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Document workflows to achieve successful digital transformation

For businesses that want to remain productive and operational in 2022, automating processes is necessary. With the shift toward remote working, business leaders must invest in more efficient work systems and automating manual, or labor-intensive processes is a key way to achieve this.

To successfully build an automated version of a process, however, you must first understand what that process is about. This is where process documentation comes in.

What is process documentation?

Process documentation, or workflow documentation, means taking a look at work processes and documenting the steps involved. For some processes, this might be a simple case of noting down a few (three of four) steps. But for those processes which require a longer-term commitment and greater number of tasks, process documentation becomes a necessity.

A document workflow process is also useful in cases without automation as the next step. It’s a good way for business leaders to analyze their processes and see where improvements could be made. If a process exists in a business that hasn’t been mapped, documented, or reviewed, it’s likely there will be steps in the process that could be revised. Many business leaders find that, when they actually sit down and document their processes, more efficient ways of doing things become apparent.

See a workflow documentation example

A good workflow documentation example exists in the process of employee onboarding. There is a general agreement between HR professionals that employee onboarding should last between three and six months. Some HR personnel even extend the onboarding process to a year, on the basis that it strengthens new recruits to do their roles. A six-month-to-a-year-long process is a costly undertaking for businesses and involves a number of different steps. These include:

  • Pre-on-boarding: sending out contracts, start date information, documents for new hire to review
  • First day/week on-boarding: IT setup, introductions, team lunch, training, orientation schedule, office supplies
  • 3-6 month onboarding (up to a year): ongoing training, review period, career progression, and planning

Employee onboarding is a good workflow documentation example because it involves multiple steps that need to be carried out by multiple personnel over a long time. It also needs to be iterated for other new joiners, which can be complicated for HR professionals if each of the steps hasn’t been clearly identified and logged. Documenting the onboarding process creates visibility for HR professionals and ensures the best structure is carried out. It allows for the opportunity to revise tasks, or move them further down the timeline, add in additional steps, and ensure that accountability exists across the process.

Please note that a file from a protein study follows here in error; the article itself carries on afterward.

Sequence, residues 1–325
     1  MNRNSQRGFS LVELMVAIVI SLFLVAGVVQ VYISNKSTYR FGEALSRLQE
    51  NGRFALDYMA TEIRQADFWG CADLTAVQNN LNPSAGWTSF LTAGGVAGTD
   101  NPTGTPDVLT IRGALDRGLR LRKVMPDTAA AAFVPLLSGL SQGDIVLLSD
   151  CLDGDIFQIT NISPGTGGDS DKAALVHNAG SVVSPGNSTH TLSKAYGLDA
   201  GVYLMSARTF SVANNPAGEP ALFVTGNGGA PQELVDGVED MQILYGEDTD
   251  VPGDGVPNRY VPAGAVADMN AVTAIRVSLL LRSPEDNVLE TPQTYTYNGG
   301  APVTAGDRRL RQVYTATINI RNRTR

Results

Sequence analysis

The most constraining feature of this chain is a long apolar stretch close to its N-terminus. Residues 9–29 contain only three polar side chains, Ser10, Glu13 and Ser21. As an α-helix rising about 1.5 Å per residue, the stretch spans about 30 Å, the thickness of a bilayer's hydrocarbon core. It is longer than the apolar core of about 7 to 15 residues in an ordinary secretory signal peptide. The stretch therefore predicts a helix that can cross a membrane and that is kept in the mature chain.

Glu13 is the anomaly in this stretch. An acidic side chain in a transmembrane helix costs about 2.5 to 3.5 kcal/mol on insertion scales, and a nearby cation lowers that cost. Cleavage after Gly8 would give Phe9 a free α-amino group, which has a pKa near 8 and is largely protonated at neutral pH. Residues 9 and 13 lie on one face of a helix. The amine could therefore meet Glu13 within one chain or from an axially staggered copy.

The document workflow process: what steps are involved?

So, you have a process that you want to document. What are the steps involved? Here’s a quick summary:

Speak to the team

When we think about how to document workflows, the best first step is to speak to everyone involved. Hold a meeting and ask contributors whether they feel the process works for them. Most employees will be able to identify steps in a process that are slow or points where bottlenecks occur. This is the first step to refining the process.


Process mapping is a great way to establish total visibility across the cycle of a process. It is a way of visually documenting the process, using a flowchart model to track each step. For processes that involve sub-processes happening in tandem, it’s a better way to keep track of the process as a whole, rather than listing the individual steps (which only really works for a linear process).


Once you’ve mapped the process you have as it is, assess what changes could be made. If several employees have drawn attention to a bottleneck halfway through, think about how this could be refined. If one task in the process takes longer than everything else, think about whether it could be split into sub-tasks and delegated better, or whether automated tools could be a fast-track solution.


Once you’ve documented and revised a process, test it out to assess whether it’s been improved. Businesses that turn to automated solutions for their processes will discover a more efficient way of working, greater productivity, and reduced error. It’s the intuitive next step for most organizations, but even in cases where small changes have been made (creating more achievable sub-tasks for example), testing is a vital part of the document workflow process.

Rinse and repeat

The document workflow process is an ever-changing beast, and a process will be refined best by a few rounds of trial and error. Organizations that consistently review their processes will find themselves operating in a more efficient way. And those employees who undertake the documentation process, and are encouraged to make suggestions, will be more inclined to engage with that process down the line: ensuring it is healthy, productive, and successful.



For more information about how to document workflows contact the team at Nintex. We are experts in creating efficient work processes, using process mapping solutions and automated workflows.



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